and then I slip my hands in and start to make waves
and then I dip my tongue in and take a taste
it tastes like soap but it doesn't really taste like soap
and then I lower in my whole mouth and take a gulp
and start to feel mortality surround me
I close my eyes and think I have found me
but life inside the music box ain't easy
the mallets hit, the gears are always turning
and everyone inside the mechanism
to get out
and sing another melody completely
to get out
to get out
to get out
By a mad miracle I go intact
Among the common rout
Thronging sidewalk, street,
And bickering shops;
Nobody blinks a lid, gapes,
Or cries that this raw flesh
Reeks of the butcher's cleaver,
Its heart and guts hung hooked
And bloodied as a cow's split frame
Parceled out by white-jacketed assassins.
Oh no, for I strut it clever
As a greenly escaped idiot,
Buying wine, bread,
Yellow-casqued chrysanthemums -
Arming myself with the most reasonable items
To ward off, at all cost, suspicions
Roused by thorned hands, feet, head
And that great wound
From the flayed side.
Even as my each mangled nerve-end
Trills its hurt out
Above pitch of pedestrian ear,
So, perhaps I, knelled dumb by your absence,
Alone can hear
Sun's parched scream,
Every downfall and crash
Of gutted star,
And, more daft than any goose,
This cracked world's incessant gabble and hiss.
maybe we're wrong that the best way to live life is to be intentional with people, to spend a lot of effort investing in them and trying to be a part of their lives. maybe the best thing in life is to find the one person you really understand and who really understands you (in my case, Trina) and focus everything on them, giving everyone else the absolute minimal necessary investment and involvement. sometimes that option sounds much more appealing, and less exhausting. maybe the world is just too far gone, and people too deeply injured to be able to desire deep connection with more than one person. who knows. i certainly don't. well, on we go...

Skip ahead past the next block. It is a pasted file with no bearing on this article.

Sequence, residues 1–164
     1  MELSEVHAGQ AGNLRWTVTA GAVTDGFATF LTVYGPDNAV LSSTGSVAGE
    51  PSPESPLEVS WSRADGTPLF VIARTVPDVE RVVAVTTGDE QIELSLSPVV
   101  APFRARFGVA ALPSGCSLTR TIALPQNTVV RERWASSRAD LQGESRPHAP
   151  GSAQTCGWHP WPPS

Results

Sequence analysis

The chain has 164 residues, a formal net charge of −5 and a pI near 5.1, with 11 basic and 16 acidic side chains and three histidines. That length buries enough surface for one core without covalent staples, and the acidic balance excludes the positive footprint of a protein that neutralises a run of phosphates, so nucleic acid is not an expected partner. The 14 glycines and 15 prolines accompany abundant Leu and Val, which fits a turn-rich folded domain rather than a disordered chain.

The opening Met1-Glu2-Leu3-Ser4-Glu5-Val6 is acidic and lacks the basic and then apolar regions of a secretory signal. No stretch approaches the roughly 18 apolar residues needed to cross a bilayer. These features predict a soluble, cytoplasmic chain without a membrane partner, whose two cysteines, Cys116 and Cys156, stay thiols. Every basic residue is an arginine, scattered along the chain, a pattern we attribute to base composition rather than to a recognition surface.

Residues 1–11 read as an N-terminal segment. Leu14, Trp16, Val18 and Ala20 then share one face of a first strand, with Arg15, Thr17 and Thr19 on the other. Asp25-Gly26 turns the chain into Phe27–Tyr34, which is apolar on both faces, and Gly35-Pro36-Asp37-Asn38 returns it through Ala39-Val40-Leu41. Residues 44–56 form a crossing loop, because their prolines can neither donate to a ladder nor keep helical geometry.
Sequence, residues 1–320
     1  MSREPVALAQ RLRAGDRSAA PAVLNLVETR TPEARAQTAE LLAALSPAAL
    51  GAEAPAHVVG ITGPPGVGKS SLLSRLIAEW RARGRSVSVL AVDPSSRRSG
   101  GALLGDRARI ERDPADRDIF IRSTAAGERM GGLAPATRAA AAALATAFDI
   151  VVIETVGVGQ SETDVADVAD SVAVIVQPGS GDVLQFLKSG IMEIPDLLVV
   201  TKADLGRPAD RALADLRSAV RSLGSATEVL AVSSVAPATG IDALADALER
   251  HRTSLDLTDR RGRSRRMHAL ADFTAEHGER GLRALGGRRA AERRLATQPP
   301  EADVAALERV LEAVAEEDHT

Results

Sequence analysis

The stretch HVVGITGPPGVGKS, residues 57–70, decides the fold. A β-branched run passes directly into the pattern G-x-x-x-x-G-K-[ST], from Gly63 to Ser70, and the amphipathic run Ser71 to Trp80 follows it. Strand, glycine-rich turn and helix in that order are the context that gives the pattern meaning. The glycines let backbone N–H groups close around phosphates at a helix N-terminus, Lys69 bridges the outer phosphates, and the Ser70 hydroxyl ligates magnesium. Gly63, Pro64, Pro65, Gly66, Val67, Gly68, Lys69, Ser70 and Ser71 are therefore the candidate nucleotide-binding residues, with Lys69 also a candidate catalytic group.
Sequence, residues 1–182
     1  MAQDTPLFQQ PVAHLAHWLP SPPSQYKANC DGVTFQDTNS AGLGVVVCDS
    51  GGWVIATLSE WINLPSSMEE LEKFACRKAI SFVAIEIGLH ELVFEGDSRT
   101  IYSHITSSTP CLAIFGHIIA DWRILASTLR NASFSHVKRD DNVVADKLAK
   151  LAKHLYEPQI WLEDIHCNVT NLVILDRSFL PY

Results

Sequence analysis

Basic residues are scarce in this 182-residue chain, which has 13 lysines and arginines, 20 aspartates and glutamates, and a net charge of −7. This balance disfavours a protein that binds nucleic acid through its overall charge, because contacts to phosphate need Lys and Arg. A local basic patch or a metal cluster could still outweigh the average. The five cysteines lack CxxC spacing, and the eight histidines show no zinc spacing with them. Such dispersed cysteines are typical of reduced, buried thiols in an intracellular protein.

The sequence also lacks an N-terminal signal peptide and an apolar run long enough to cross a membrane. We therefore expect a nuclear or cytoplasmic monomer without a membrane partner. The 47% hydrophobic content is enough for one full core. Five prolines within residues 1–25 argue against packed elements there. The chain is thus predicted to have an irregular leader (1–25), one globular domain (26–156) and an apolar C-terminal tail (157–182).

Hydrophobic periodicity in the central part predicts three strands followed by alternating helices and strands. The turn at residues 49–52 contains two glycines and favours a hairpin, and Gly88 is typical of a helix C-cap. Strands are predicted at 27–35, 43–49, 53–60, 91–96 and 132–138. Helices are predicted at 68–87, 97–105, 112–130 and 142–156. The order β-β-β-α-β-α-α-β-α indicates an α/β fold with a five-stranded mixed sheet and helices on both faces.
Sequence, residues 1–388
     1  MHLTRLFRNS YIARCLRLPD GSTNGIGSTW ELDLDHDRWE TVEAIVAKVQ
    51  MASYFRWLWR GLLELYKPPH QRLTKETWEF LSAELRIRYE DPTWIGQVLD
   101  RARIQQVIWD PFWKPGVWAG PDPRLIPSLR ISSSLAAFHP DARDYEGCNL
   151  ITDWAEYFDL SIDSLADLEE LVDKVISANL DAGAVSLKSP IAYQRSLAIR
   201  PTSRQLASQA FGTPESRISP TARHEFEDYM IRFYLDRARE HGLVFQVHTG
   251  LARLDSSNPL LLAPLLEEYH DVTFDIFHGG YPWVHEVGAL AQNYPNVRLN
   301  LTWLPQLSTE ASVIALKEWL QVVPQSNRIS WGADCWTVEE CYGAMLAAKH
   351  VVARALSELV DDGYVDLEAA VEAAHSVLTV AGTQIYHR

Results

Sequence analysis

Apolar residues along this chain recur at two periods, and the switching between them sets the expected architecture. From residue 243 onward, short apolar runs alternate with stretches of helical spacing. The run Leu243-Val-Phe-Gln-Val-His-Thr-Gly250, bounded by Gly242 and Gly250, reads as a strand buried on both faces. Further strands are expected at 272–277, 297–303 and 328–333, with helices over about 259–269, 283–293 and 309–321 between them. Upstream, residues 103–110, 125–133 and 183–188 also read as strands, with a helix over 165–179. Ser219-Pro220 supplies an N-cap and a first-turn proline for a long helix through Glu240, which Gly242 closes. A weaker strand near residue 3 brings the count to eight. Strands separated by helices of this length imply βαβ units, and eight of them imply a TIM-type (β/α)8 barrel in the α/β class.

everything seems a little bit off today... i kind of feel in a bubble like Trina and I are stuck inside and we can't touch anything outside... or that somehow everything outside has begun operating by different rules or something. weird day...
The photographic chamber of the eye
records bare painted walls, while an electric light
flays the chromium nerves of plumbing raw;
such poverty assaults the ego; caught
naked in the merely actual room,
the stranger in the lavatory mirror
puts on a public grin, repeats our name
but scrupulously reflects the usual terror.
Just how guilty are we when the ceiling
reveals no cracks that can be decoded? when washbowl
maintains it has no more holy calling
than physical ablution, and the towel
dryly disclaims that fierce troll faces lurk
in its explicit folds? or when the window,
blind with steam, will not admit the dark
which shrouds our prospects in ambiguous shadow?
Twenty years ago, the familiar tub
bred an ample batch of omens; but now
water faucets spawn no danger; each crab
and octopus - scrabbling just beyond the view,
waiting for some accidental break
in ritual, to strike - is definitely gone;
the authentic sea denies them and will pluck
fantastic flesh down to the honest bone.
We take the plunge; under water our limbs
waver, faintly green, shuddering away
from the genuine color of skin; can our dreams
ever blur the intransigent lines which draw
the shape that shuts us in? absolute fact
intrudes even when the revolted eye
is closed; the tub exists behind our back:
its glittering surfaces are blank and true.
Yet always the ridiculous nude flanks urge
the fabrication of some cloth to cover
such starkness; accuracy must not stalk at large:
each day demands we create our whole world over,
disguising the constant horror in a coat
of many-colored fictions; we mask our past
in the green of eden, pretend future's shining fruit
can sprout from the navel of this present waste.
In this particular tub, two knees jut up
like icebergs, while minute brown hairs rise
on arms and legs in a fringe of kelp; green soap
navigates the tidal slosh of seas
breaking on legendary beaches; in faith
we shall board our imagined ship and wildly sail
among sacred islands of the mad till death
shatters the fabulous stars and makes us real.